The first step can start the instant the gun comes out. Usually the best time to go is whenever the gun wielder gets distracted, or manufacturing a distraction to get their attention off their target. Consistently, this is also the most dangerous, because if you misjudge someone’s distraction you will get shot for trying something.

Getting the gun’s arc of fire off of you can be as simple as stepping out of the way, but it always needs to be followed with something that makes sure the attacker can’t simply redirect the gun back on you. The easiest way is usually to close the distance so you are too close to actually shoot, while tying up the gun arm. This is consistently the most dangerous part for other people. Because the gun is pointing somewhere the shooter didn’t intend, and because they’re startled, there’s a pretty decent chance they’ll put a couple rounds in the general vicinity of someplace they weren’t aiming.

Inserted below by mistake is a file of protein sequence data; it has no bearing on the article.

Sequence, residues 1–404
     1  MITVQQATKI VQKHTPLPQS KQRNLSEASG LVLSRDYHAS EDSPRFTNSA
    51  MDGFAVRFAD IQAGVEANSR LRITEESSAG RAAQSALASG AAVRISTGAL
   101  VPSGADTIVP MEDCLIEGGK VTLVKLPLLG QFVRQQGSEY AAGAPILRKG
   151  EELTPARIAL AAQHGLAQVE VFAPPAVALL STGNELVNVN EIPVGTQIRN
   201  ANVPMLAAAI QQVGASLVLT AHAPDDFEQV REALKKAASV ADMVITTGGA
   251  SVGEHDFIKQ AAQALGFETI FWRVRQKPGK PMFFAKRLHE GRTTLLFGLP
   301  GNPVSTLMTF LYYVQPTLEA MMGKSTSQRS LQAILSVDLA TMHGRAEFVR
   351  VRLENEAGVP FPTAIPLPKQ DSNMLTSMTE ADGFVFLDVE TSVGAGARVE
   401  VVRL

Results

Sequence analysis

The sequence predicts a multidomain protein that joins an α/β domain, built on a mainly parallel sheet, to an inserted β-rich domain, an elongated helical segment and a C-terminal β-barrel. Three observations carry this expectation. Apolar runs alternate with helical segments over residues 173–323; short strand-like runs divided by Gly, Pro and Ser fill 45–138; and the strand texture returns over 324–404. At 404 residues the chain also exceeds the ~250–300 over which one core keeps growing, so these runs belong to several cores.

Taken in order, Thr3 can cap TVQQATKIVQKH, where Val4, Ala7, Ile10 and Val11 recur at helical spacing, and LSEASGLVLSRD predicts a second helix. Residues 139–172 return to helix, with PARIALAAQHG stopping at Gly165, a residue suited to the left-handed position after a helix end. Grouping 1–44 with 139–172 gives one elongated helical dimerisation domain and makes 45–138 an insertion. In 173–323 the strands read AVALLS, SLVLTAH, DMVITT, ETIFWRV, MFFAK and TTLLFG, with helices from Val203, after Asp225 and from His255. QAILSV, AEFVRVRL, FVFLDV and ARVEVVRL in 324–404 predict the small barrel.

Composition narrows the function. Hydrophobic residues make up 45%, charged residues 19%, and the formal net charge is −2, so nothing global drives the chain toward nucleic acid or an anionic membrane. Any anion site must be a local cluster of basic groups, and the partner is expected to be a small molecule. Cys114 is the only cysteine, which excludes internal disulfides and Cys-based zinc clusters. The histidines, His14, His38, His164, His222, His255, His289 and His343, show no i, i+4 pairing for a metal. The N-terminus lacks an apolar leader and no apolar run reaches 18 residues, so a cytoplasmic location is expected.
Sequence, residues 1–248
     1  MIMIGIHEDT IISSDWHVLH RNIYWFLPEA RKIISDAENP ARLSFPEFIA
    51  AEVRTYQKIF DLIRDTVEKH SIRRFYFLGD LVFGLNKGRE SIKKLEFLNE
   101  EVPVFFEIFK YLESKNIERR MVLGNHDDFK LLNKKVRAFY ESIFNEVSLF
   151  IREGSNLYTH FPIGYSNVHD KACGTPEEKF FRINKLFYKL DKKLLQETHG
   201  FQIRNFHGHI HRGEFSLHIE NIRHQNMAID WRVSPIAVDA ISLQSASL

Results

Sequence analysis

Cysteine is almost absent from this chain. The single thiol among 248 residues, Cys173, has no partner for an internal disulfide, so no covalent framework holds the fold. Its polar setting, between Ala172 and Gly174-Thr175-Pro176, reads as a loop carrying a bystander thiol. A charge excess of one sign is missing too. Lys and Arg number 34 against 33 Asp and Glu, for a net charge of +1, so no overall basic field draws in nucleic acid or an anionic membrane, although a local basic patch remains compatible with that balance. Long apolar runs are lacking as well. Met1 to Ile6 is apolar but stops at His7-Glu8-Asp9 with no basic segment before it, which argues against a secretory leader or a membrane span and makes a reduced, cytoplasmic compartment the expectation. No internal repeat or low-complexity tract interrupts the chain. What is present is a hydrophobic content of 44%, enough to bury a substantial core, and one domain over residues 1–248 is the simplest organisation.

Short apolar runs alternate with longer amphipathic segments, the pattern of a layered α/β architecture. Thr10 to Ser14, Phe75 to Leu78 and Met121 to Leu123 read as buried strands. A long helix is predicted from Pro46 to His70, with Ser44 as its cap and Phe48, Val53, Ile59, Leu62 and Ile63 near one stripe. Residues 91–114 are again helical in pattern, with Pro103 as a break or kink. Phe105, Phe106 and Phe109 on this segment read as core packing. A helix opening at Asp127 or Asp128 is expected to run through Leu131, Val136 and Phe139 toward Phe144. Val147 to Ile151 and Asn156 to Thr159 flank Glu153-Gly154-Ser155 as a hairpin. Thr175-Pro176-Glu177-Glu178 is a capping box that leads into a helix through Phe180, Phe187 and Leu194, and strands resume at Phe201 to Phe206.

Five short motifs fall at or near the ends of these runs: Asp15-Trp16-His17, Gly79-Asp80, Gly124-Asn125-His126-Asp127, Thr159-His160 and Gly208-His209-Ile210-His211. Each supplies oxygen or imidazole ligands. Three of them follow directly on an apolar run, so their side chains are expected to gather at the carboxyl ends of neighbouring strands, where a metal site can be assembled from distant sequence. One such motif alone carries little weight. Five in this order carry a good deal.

Thing is, the second step is just a delaying tactic. It won’t last long. So, then you need to move into the third step and deal with either the attacker or their weapon. That you must either get the weapon away from them, or kill them. There are a few ways to do this. Some stress positions will allow you to simply slip the weapon out of the shooter’s grasp. There are close quarters pistol positions that can be employed when you’re inches away from the target. It’s messy, but pumping three rounds into someone’s gut usually will usually keep them distracted from trying to shoot you.